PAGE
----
What happens if your new home has construction defects? Kyle and Jenny bought a newly built house in a residential Pennsylvania subdivision. They’d spent many nights dreaming about what their new home would be like, with a walkout basement, French doors to the back patio, and more.
They carefully checked plans and agreed on a model. They signed the contract, obtained financing, and closed without a hitch.
Two years later, they started to notice water by the basement door. As time went on, they realized that the seal around it wasn’t installed properly, and water was getting in.
That wasn’t all. The basement floor developed large cracks. In one of the upstairs bedrooms, a large crack formed, running from the ceiling to the floor. Kyle and Jenny started to wonder if the house was falling apart around them.
They called the home warranty company – and were informed that the warranty they’d been given at closing lasted for only one year. Next, they called the builder – who never returned their calls. Finally, they called a lawyer to see whether there was anything they could do.
New home construction in Pennsylvania comes with something called “implied warranties.” These are guarantees, established by the courts for the good of the public. (There is no statute describing these implied warranties, but see, for example, the case of Elderkin v. Gaster, 288 A. 2d 771 (1972).)
One of these is called the warranty of habitability. Habitability means that you can live there – the plumbing works, the walls are sound, the roof is solid, and so forth.
The other implied warranty is called the warranty of reasonable workmanship. This essentially means that the builder is expected to construct the house in a professional and thorough manner. The warranty is also created by public policy – the need to ensure that builders will construct solid homes and not simply slap a few boards together and call it a home.
An interesting fact about these warranties is that they are not only implied to the original owner of the house. If the original owner sells the house soon after the construction, the warranties extend to the second purchase.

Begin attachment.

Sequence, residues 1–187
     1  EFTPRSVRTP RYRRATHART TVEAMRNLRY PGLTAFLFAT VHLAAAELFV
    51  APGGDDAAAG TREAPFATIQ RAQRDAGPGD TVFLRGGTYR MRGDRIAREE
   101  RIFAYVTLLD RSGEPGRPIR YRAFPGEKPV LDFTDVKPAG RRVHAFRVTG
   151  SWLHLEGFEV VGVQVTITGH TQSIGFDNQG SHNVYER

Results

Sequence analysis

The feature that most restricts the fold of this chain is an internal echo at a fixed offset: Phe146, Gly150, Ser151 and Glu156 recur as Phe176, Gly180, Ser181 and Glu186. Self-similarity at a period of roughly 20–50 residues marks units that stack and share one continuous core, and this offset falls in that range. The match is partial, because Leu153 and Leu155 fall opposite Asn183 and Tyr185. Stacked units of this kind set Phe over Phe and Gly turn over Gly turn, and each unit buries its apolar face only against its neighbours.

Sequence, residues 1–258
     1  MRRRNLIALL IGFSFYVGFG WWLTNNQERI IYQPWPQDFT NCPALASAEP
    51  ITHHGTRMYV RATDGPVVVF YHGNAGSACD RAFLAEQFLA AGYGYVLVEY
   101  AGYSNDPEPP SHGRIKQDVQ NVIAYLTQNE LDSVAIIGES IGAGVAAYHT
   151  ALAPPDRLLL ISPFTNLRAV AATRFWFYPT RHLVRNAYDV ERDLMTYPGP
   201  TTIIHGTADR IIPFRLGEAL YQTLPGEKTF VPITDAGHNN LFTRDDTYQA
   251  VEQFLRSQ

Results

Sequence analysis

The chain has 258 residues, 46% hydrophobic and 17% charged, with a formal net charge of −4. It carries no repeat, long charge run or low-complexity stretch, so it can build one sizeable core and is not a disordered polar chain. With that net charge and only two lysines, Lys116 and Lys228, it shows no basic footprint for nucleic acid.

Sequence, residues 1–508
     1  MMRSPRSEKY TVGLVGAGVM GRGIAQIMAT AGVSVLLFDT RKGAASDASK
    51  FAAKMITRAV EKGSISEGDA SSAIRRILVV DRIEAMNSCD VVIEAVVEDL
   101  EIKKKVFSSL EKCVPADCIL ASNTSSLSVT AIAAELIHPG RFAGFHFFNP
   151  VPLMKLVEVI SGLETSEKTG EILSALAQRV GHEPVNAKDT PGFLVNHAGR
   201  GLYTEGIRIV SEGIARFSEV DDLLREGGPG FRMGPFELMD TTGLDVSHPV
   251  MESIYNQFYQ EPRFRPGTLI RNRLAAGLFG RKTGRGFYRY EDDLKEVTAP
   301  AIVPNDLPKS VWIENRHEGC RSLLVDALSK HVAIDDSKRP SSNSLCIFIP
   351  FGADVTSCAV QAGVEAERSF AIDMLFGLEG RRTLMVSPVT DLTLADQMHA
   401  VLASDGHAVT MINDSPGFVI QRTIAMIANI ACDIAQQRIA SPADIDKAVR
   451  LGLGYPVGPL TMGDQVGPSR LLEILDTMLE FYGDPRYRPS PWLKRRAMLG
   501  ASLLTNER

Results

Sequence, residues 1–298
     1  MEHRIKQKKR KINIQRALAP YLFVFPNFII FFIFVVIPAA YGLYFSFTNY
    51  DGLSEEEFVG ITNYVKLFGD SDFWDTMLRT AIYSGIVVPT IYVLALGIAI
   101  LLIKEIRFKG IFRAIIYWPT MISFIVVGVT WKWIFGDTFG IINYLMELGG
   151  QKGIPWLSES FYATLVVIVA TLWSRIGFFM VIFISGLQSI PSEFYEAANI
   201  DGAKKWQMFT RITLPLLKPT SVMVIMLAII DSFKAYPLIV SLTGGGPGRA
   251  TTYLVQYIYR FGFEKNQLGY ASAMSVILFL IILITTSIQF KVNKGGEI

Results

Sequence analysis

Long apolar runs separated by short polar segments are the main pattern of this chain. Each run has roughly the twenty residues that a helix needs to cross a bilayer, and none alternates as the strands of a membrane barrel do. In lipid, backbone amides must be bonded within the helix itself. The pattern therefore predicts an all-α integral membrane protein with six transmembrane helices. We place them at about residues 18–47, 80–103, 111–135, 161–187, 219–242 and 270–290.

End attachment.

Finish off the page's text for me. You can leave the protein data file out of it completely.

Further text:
If an implied warranty is breached, the home buyer may demand that the builder act to remedy the matter. If the builder fails to do so, the homeowner may file suit.
Kyle and Jenny may also have rights spelled out in their original contract with the builder. When they review the contract themselves, or show it to their lawyer, they may find provisions guaranteeing certain things, such as the builder providing an express warranty of habitability or workmanship, or a statement that “the highest standards of construction technique will be used.”
Another example could be when a builder holds himself out as a builder of “quality construction” or “high end homes.” These words, in and of themselves, imply a certain standard of quality in the construction of the home.
Home buyers may also, in their large packet of closing documents, find other documents where the builder represented that the house was well constructed and according to the original plans. These can be used to support their case as well.
Again, the home buyers will need to comply with any of the contract’s requirements giving advance notice to the builder before filing a suit based on breach of contract. They may also need to enter into mediation or arbitration before – or even in place of – filing a lawsuit.
Kyle and Jenny may also be able to file suit for negligence. In order to prove negligence, they must be able to show that the builder was responsible for the construction of the home, that he failed in that responsibility by not constructing it according to plans or standards, and that the home buyers incurred costs or damages as a result.
In Pennsylvania, homeowners have 12 years from the date of construction to file an action regarding the construction of the home. (See 42 Pa.C.S. 5536.)